IAG operating profit improvements from 2013 to 2015 target

IAG's plan is based on jet fuel spot price of USD950 per mega tonne and EUR/USD at 1.35. Currently, jet fuel is closer to USD800/MT and EUR/USD has fallen to 1.26. If these current rates persist, IAG would benefit from a lower fuel bill, partially offset by the stronger dollar when fuel costs are translated into EUR. Moreover, it has a surplus of USD revenues versus USD costs and so the stronger dollar would give it a net benefit. IAG's plan does not incorporate current market rates, since movements have been volatile and it makes sense for it to err on the side of caution.

2016-2020 plan sees further profit gains in these areas

Turning to IAG's new plan, covering the period 2016 to 2020, it continues to see scope for further profit improvement in each of the four categories mentioned above. For Iberia, its 'Plan de Futuro' will focus on further labour cost efficiencies, laying the platform for its resumption of growth. BA expects to take the opportunity provided by its bmi slots and joint ventures to grow its long-haul business, while seeking improved efficiency of its hub operations.

Although the 2011 to 2015 synergies programme will come to an end, IAG sees significant scope for further group initiatives in areas including the Avios loyalty scheme, IAG Cargo, purchasing, business service and IT. It also expects further growth from the operating airlines, but stresses that its growth plans are flexible and it will only pursue profitable opportunities.

IAG planning framework 2016 to 2020

Operating margin target of 10% to 14%, with ROIC 12%

IAG is targeting an operating margin for the group in the range 10% to 14% in 2016-2020. It expects all of its operating companies to achieve double digit operating margins during the 2016 to 2020 plan.

BA's target of GBP1.3 billion in operating profit in 2015, if achieved, will take it close to a 10% margin even before this plan commences. Iberia expects to achieve margins in the IAG Group target range by 2017. IAG's target for return on invested capital (ROIC) is 12% or more in the 2016-2020 period.

Costs will continue to be the main source of increased profit

As before, IAG expects the lion's share of its profit growth to 2020 to come from cost efficiencies. The biggest source of expected profit gains is supplier unit costs, followed by fuel efficiency resulting from new technology aircraft. The group also expects further employee unit cost reduction. The balance of the targeted profit improvement will come from capacity growth and a part of this will be due to the increase in low cost capacity as a proportion of the total.

IAG plans for unit revenue to be flat through the plan. It seems sensible not to base any profit growth targets on unit revenue growth, which can be very volatile and not always controllable in the airline industry, although Mr Dupuy sees scope for some upside to this planning. For example, economic growth in the UK and US suggest that there could be a more positive unit revenue performance in these markets.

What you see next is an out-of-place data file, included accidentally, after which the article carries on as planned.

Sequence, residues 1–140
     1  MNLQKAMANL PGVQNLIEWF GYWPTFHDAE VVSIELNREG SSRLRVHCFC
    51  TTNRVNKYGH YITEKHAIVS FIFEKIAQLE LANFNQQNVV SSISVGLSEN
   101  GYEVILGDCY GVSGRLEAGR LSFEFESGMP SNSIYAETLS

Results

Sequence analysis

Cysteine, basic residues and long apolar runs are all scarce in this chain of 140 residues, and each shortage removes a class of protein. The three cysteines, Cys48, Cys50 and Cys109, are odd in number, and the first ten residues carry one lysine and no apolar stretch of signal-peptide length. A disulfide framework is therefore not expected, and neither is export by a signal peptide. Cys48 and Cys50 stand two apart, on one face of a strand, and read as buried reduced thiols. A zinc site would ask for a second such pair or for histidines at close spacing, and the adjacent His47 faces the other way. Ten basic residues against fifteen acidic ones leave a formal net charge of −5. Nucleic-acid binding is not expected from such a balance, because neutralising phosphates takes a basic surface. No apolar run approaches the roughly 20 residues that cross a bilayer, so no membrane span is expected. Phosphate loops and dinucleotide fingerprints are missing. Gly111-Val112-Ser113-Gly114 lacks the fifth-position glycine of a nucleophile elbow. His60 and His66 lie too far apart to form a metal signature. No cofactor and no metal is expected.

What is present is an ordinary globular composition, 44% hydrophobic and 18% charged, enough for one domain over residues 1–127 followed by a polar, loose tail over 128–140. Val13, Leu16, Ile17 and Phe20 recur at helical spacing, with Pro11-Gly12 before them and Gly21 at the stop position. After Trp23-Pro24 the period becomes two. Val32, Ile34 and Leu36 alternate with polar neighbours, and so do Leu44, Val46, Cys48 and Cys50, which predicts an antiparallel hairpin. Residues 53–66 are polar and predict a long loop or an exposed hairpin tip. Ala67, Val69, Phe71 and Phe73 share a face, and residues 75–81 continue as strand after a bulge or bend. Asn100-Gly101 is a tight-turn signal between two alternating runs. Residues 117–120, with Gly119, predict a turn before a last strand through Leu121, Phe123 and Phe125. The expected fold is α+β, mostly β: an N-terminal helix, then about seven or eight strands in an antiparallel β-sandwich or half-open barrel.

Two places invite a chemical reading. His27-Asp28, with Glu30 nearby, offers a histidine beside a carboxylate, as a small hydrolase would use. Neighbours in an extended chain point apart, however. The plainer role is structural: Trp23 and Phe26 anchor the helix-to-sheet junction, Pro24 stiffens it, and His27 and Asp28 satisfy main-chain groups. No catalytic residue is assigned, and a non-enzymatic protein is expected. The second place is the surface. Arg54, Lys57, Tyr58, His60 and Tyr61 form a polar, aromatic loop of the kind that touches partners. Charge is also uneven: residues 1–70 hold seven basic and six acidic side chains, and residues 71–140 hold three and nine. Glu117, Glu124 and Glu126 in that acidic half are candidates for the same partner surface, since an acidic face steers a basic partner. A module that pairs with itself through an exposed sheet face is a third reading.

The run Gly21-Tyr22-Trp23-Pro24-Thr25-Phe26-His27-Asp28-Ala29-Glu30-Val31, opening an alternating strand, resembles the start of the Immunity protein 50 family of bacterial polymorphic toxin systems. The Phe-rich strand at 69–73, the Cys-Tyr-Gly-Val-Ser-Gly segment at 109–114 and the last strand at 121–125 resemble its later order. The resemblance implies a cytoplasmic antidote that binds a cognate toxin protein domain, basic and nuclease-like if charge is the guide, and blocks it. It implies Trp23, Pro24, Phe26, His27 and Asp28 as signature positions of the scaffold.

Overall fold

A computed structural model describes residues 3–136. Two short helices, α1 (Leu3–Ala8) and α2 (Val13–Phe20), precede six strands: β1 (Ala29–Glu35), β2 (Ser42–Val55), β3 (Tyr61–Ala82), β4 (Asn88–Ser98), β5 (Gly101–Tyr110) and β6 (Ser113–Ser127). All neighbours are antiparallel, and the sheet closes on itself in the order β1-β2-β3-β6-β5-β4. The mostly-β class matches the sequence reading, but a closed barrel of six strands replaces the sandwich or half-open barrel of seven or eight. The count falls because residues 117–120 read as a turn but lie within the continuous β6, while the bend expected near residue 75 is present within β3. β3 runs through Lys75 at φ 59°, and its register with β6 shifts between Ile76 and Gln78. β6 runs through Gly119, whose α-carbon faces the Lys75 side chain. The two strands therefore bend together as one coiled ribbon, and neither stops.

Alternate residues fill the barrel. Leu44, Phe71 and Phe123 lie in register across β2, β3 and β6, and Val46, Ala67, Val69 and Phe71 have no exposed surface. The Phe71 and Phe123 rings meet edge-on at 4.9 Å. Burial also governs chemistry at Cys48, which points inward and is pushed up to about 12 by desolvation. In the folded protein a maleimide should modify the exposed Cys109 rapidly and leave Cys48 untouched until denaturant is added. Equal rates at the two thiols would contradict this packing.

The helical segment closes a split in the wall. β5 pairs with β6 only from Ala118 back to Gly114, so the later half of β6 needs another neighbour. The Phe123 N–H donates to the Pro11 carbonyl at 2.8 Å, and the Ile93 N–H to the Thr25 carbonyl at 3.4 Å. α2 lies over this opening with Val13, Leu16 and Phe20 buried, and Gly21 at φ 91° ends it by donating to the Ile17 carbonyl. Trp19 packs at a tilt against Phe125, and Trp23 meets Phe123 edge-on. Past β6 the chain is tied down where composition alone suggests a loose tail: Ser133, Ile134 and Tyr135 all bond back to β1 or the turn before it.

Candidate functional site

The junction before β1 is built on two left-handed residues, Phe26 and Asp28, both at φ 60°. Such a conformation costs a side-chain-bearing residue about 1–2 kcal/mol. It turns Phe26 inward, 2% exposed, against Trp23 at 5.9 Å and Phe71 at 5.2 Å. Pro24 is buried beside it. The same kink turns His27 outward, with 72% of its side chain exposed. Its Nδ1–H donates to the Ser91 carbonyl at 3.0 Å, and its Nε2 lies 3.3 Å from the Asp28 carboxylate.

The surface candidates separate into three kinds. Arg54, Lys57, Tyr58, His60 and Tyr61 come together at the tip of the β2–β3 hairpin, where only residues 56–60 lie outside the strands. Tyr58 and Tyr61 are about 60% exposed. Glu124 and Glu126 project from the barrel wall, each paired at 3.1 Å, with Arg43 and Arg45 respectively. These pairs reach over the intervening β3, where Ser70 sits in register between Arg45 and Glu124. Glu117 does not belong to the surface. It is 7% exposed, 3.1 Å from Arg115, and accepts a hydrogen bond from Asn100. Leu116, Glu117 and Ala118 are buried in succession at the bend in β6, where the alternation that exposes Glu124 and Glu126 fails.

IAG profit growth drivers 2016 to 2020

Planned ASK growth range of 3% to 4%

IAG plans for ASK growth in the range of 3% to 4% CAGR, slightly higher than the 3% rate indicated a year ago. This probably reflects increased confidence within all parts of the group, but in particular concerning Iberia's return to growth. Nevertheless, CEO Willie Walsh was keen to stress that IAG will "only go for profitable growth", a point that was also reinforced by the heads of BA, Iberia and Vueling.

New generation aircraft have been enabling long-haul growth, and replacing older aircraft, since 2012 and this process will continue through the 2016 to 2020 plan. BA is due to receive further A380 and Boeing 787 aircraft in addition to new A350s, while Iberia will take delivery of A350 and A330 aircraft during the course of the plan.

The group's short-haul fleet will grow through new A320 family aircraft until 2017 and through A320neo aircraft from 2018 (delivered to Vueling).

IAG ASK growth plan by aircraft category 2014 to 2020

Fleet flexibility to accommodate demand downturn

In emphasising that growth will only be pursued if it is profitable CFO Enrique Dupuy also highlighted the flexibility in IAG's fleet plan. Planned growth in the short-haul fleet will be at a CAGR of 3.8% from 2014 to 2020, but this could be reduced to -4.0% if demand conditions did not justify the growth. This minimum growth rate represents firm orders less retirements, while the higher rate planned by IAG involves leasing in additional aircraft, the exercise of some options over new aircraft and later retirements of old aircraft than under the minimum growth plan.